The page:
Tiaras and full sapphire suites are on offer by the two auction houses
April 5, 2021: On May 31, a collection of sapphires and diamonds jewelry once owned by Stephanie de Beauharnais, the adopted daughter of Napoleon Bonaparte who married Prince Charles of Baden in 1806, will be offered at a Christie’s live auction in Geneva.
The pieces will be sold in separate lots that includes nine pieces: a tiara, one collier, one pair of earrings, two pendants and brooches as well as one ring and one bracelet. An important sapphire crown of Maria II Queen of Portugal, set with a remarkable Burmese sapphire in the center, is also on offer. These exclusive pieces were crafted in the 1800s with a total of 38 sapphires originating from Ceylon.
Stephanie de Beauharnais, who became the Grand Duchess of Baden, was the niece of Josephine de Beauharnais, who married Napoleon Bonaparte in 1796. Stephanie was born in 1789, but sadly her mother died just two years later. Sent to live with nuns in the French countryside, her aunt Josephine soon took her in and raised her in Versailles and Paris.
However, a month before her own wedding, she was adopted by Napoleon and became Her Imperial Highness Princess Stephanie Napoleon, which made it possible for her to marry Prince Charles of Baden.
The provenance of the sapphire and diamond jewelry is quite interesting: in between boxes of jewels, a written record was found. It states that they were given to Stephanie by her cousin Hortense de Beauharnais, a known jewelry lover who was immortalized in paintings wearing “precious belts.” Later the statement continues that “Hortense’s financial papers, which are kept in the Napoleon archive in Paris, give evidence of her fortune between 1817 and 1837, the year she passed away. They show that she left Paris in 1816 with little money, but a lot of jewelry.”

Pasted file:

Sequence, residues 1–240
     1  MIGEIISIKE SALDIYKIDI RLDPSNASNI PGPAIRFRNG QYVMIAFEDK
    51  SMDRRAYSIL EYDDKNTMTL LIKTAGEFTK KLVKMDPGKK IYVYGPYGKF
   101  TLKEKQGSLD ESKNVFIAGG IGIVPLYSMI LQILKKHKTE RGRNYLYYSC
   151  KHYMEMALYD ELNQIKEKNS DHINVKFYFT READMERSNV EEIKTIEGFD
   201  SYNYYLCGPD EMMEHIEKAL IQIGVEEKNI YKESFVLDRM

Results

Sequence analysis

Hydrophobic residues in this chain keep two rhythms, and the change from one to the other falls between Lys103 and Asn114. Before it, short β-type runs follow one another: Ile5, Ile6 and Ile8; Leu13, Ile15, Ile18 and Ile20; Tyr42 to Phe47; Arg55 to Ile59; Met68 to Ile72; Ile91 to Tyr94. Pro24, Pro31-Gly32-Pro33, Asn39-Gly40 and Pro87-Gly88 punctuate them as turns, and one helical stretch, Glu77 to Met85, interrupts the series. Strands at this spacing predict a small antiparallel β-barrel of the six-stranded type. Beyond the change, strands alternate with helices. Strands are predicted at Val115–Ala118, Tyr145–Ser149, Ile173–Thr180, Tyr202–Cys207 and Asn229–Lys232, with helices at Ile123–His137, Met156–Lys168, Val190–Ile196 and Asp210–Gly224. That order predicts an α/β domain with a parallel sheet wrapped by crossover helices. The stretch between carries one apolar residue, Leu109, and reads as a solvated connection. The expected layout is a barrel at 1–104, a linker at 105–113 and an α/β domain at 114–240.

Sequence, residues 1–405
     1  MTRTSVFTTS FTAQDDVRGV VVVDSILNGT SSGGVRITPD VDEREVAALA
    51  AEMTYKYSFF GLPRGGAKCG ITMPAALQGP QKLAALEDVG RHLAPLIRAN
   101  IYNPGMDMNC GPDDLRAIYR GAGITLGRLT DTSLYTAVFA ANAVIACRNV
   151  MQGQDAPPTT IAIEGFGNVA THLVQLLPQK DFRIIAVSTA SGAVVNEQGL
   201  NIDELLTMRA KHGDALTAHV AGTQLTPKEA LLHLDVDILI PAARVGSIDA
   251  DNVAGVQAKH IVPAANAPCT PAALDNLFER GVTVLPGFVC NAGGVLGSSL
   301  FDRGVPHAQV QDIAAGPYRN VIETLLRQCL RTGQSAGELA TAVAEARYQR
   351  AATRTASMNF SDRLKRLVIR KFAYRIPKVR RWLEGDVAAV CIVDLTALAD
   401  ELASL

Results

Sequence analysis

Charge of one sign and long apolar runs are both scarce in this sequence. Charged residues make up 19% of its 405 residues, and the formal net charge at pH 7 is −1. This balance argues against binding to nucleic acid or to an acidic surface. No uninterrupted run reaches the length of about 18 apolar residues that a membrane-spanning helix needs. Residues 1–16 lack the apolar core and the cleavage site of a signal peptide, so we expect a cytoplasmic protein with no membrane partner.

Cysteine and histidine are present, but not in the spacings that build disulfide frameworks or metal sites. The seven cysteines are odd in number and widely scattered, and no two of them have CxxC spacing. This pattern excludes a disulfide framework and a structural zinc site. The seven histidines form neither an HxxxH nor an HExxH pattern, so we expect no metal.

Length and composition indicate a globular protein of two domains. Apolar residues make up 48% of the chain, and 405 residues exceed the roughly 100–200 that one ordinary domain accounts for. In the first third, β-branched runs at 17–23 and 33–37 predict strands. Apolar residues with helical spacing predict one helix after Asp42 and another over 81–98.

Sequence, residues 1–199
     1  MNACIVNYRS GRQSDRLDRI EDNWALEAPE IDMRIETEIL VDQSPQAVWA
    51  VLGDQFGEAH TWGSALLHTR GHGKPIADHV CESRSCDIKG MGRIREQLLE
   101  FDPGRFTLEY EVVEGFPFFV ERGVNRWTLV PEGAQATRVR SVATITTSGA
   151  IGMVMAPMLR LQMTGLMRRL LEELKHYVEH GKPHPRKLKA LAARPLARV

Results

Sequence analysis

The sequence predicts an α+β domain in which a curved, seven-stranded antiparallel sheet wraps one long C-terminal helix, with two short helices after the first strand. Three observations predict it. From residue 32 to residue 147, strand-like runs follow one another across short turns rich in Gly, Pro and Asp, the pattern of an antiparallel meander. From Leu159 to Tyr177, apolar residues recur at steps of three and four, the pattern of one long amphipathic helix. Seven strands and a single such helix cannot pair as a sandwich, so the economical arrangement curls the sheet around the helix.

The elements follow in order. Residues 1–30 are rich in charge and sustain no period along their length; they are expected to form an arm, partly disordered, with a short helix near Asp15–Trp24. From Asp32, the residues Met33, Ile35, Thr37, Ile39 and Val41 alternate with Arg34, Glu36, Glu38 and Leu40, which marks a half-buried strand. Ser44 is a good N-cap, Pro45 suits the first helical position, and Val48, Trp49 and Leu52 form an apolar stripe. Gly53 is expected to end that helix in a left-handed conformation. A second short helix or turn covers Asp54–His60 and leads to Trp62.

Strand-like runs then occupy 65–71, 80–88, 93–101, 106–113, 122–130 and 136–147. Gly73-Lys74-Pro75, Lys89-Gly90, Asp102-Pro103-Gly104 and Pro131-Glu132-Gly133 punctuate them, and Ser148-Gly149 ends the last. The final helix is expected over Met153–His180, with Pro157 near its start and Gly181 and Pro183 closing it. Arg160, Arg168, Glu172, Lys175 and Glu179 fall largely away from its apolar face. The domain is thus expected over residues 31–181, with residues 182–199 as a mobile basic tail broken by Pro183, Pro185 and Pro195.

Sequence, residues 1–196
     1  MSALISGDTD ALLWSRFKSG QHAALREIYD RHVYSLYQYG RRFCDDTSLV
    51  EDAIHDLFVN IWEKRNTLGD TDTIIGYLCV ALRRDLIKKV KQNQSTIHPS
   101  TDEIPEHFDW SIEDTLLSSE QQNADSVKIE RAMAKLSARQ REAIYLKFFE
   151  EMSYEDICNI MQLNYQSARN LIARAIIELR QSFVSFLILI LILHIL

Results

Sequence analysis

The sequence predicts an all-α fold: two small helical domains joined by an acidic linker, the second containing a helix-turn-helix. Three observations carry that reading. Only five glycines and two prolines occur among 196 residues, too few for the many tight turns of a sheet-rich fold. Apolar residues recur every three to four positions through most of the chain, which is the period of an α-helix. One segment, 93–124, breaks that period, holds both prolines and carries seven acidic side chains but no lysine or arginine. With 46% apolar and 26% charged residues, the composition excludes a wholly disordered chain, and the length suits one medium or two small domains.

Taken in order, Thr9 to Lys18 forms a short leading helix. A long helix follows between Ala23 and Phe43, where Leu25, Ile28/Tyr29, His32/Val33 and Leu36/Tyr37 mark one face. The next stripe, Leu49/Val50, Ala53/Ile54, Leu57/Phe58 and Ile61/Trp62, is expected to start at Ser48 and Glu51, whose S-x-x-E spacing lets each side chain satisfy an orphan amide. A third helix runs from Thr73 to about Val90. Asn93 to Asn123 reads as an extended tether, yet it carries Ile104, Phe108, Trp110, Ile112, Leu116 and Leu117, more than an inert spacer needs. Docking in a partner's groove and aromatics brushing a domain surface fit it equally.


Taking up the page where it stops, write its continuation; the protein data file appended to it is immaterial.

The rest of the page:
After Stephanie died in 1860, the sapphire parure was passed to her second daughter, Josephine, Princess of Hohenzollern Sigmaringen. The present-day tiara was probably once a belt; in Napoleon’s court, women wore belts high up, directly under their bust.
In Josephine’s will, she left the sapphire set to her eldest son, Léopold. Around this time, the crown with detachable brooches from Queen Maria da Gloria of Portugal joined the collection. The tiara is estimated to sell for CHF 140,000–250,000 ($149,000–$266,000), while the crown is estimated to fetch CHF 170,000–350,000 ($180,000–$372,000).
Turning into a grand month, May will also see the auction of a royal tiara by Sotheby’s, which has passed down through generations of the Royal family of Italy. The diamond and pearl tiara will be offered with an estimate of $1-1.5 million (CHF 930,000 – 1,395,000) as part of Sotheby’s “Magnificent Jewels and Noble Jewels” auction in Geneva on May 11.
Dating to the second half of the 19th century, the tiara hails an extraordinary provenance, having belonged to two Royal Collections of Europe, and steeped in the rich history of the House of Savoy, among the world’s oldest royal families. Likely to have been presented to Maria Vittoria dal Pozzo as a wedding gift on the occasion of her marriage to Amadeo I of Savoy, Duke of Aoste, later King of Spain (1870-1873) in 1867, the natural pearl and diamond tiara, which has remained with the family for over 150 years, is believed to have been created by Musy Padre e Figli – Court Jeweller of Turin, and one of the oldest goldsmiths in Europe. It is composed of graduated scroll motifs set with cushion-shaped, circular- and single-cut diamonds, framing eleven slightly baroque drop-shaped natural pearls.